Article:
Provide enough education about gastritis and its related causes, how it spreads, and how to stop with management strategies.

Use of Antibiotics in treatment of Chronic Gastritis

  • Amoxicillin: Amoxicillin a derivative of ampicillin which has a similar antibacterial spectrum to penicillin that targets on gram-positive and gram-negative organisms.
  • Clarithromycin: It is a semi-synthetic macrolide antibiotic binds to the P site of the 50S ribosomal subunit in susceptible organisms potentially inhibiting bacterial growth by dissociating peptidyl tRNA from ribosomes.
  • Metronidazole: It may cause DNA damage and disrupt nucleic acid synthesis in H. pylori by bacterial enzymes, that causes bacterial cell death.

Use of proton pump inhibitors in the treatment of Chronic Gastritis

  • Omeprazole: It is used in gastritis treatment inhibits the proton pump in gastric parietal cells and reduces gastric acid secretion when combined with antibiotics.
  • Lansoprazole: It inhibits the proton pump inhibitors in gastric parietal cells, thus reduces gastric acid secretion.
  • Pantoprazole: It reduces gastric acid secretion by inhibiting the H+/K+-ATP pump at the secretory surface of gastric parietal cells.

Use of Gastrointestinal Agents in the treatment of Chronic Gastritis

  • Bismuth subsalicylate: It has a cytoprotective effect on the gastrointestinal mucosa, enhances prostaglandin production and regulates the immune response.

Procedures for chronic gastritis depends on diagnosis, severity assessment, complications identification, and treatment decision-making by physician.

Upper gastrointestinal endoscopy is a diagnostic procedure used to visualize gastric mucosa and obtain biopsy samples for further analysis.

Use of phases in managing Chronic Gastritis

In the initial diagnosis phase, the physician assesses symptoms related to gastritis, then refers to diagnostic test to confirm the presence of chronic gastritis.

The regular follow-up visits with the physician are required to check the improvement of patients and newly observed complaints along with treatment response.

Long-term management phase is a very important phase which involves continuous monitoring, supportive care, and surveillance for late effects of treatment.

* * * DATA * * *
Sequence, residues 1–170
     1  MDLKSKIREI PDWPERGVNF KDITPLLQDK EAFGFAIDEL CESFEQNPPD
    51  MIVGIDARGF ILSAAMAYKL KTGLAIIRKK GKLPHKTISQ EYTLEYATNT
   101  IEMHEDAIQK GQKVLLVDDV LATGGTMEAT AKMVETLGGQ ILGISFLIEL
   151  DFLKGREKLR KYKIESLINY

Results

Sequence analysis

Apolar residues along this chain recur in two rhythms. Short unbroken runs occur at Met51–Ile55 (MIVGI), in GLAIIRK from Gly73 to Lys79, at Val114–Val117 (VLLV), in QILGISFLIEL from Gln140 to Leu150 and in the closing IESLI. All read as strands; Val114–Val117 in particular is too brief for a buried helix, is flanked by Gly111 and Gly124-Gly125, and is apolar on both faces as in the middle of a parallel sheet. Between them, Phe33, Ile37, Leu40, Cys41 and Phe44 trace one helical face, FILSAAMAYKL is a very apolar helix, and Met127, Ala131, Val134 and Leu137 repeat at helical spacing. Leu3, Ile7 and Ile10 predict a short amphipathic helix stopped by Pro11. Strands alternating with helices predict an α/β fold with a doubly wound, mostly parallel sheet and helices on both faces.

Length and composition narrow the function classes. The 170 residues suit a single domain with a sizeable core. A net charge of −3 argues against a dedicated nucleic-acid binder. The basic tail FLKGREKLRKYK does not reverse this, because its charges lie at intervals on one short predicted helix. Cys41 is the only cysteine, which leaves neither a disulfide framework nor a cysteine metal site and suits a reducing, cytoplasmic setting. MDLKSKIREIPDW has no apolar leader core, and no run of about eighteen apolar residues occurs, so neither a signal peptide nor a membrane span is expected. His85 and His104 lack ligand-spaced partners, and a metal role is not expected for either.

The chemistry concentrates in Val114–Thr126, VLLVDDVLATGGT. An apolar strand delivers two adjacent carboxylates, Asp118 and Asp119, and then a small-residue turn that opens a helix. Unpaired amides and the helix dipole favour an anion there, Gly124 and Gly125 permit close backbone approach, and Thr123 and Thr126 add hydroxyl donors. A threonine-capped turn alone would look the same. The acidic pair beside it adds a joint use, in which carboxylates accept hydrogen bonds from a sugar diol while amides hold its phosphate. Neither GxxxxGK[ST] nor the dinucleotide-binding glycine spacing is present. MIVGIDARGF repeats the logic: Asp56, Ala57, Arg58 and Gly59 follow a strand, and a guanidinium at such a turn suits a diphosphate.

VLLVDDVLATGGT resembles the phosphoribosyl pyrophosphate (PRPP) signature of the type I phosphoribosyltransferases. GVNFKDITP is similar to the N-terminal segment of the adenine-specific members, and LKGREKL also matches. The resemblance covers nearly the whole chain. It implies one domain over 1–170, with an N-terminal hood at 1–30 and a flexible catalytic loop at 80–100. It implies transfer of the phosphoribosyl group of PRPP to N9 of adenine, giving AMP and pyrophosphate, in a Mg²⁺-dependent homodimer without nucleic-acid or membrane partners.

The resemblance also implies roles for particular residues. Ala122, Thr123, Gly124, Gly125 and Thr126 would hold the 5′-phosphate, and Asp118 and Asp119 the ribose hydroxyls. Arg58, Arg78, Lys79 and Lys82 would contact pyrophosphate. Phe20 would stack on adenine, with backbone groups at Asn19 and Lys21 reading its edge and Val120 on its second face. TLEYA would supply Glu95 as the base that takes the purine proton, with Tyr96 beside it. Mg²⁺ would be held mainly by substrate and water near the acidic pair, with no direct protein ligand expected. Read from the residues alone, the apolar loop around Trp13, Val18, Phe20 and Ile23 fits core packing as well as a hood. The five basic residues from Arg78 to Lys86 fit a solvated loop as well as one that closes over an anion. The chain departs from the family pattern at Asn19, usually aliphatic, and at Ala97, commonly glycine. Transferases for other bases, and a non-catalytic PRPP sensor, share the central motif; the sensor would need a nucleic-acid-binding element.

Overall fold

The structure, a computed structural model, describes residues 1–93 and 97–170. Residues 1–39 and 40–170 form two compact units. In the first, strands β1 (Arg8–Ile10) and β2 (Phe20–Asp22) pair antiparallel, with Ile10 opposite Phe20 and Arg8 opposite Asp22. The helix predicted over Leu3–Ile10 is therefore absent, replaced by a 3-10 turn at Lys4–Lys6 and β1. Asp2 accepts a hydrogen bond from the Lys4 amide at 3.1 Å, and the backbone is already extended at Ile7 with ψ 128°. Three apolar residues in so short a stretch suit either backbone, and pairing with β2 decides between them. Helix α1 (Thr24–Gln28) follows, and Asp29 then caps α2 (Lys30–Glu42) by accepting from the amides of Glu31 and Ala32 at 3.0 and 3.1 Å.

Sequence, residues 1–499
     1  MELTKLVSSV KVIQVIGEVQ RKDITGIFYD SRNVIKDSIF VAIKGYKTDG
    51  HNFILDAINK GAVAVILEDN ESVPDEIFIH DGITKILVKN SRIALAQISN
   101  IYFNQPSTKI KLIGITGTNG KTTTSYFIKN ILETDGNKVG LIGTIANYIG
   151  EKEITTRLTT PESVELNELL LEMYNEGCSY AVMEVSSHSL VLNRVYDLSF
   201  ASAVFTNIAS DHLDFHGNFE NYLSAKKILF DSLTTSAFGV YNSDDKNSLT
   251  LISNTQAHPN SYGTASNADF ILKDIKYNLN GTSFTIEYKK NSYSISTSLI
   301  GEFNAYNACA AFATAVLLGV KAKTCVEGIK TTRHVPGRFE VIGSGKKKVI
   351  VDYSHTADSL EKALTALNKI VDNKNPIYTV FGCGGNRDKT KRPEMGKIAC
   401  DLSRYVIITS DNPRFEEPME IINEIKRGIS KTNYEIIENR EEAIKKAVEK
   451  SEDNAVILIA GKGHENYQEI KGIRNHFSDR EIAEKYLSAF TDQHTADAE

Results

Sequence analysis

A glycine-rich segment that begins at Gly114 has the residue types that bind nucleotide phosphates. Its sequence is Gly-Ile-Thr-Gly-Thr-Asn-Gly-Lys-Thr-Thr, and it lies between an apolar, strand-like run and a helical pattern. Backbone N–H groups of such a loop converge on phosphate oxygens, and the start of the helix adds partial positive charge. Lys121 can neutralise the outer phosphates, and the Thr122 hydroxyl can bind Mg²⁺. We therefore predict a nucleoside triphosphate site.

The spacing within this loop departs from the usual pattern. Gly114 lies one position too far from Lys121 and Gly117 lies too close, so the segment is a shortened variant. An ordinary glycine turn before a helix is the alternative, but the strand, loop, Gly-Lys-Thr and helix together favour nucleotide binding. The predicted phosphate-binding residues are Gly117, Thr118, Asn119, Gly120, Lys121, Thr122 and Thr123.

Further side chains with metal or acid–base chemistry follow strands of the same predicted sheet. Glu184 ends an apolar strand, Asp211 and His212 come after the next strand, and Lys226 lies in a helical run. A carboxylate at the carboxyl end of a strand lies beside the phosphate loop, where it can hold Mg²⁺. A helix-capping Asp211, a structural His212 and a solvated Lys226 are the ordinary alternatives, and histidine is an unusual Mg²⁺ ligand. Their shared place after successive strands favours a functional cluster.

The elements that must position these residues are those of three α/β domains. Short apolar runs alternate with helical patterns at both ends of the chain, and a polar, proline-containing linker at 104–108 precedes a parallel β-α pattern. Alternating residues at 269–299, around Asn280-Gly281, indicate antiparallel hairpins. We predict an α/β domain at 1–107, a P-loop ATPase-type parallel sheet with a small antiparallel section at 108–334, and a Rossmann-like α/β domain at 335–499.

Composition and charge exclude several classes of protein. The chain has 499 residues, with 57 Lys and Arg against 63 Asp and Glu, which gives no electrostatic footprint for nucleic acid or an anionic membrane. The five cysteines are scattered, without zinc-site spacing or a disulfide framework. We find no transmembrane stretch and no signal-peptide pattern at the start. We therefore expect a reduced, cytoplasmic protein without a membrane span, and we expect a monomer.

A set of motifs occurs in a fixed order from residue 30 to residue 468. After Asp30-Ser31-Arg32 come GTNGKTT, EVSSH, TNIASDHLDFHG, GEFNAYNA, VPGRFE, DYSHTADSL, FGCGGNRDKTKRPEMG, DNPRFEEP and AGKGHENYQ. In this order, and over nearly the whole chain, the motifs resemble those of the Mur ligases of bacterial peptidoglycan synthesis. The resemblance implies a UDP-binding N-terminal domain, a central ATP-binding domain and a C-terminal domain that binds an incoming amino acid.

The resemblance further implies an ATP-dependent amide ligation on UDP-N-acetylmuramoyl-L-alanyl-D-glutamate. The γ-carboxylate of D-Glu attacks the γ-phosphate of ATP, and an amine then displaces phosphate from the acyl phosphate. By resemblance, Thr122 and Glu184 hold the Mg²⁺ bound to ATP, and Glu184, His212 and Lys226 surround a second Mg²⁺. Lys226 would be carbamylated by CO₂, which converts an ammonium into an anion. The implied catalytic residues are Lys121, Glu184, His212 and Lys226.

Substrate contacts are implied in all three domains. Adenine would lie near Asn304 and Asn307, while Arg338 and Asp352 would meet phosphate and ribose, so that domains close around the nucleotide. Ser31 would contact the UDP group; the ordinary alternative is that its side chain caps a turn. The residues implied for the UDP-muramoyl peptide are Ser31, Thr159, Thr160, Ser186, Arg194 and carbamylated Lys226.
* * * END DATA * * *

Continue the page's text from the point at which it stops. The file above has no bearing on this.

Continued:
Medication

 

teprenone 

The suggested dose is 50 mg orally thrice a day



 
 

Media Gallary

Chronic Gastritis

Updated : July 1, 2024




Chronic gastritis shows long-term inflammation of the stomach lining.

Chronic gastritis occurs due to various factors, including Helicobacter pylori bacterial infection and it is categorized based on their cause and histopathologic pattern.

H pylori bacterium is a major cause of chronic gastritis, and commonly observed symptoms are abdominal pain, bloating, loss of appetite and vomiting.

Approximately 50% of the population is infected with this gastritis worldwide.

In autoimmune gastritis, the immune system attacks the stomach lining, is less common than H. pylori-associated gastritis.

Comparing North America and Western Europe to developing regions like sections of Africa, Asia, and America finds that these tend to have greater incidence rates.

Granulomatous gastritis is a rare condition where the stomach can be affected by tuberculosis lead to the development of caseating granulomas.

Autoimmune atrophic gastritis is linked to the presence of serum anti-parietal and anti-intrinsic factor antibodies.

Cytomegalovirus stomach infection is common in immunosuppressed patients, its potential link to gastric carcinoma development remains unclear.

The adhesion of bacteria to gastric cells lead to cause tyrosine phosphorylation.

About 16% of celiac disease patients experience lymphocytic gastritis, which recovers after a gluten-free diet.

Intake of excessive amounts of alcohol can lead to stomach irritation and an increased chances of developing chronic gastritis.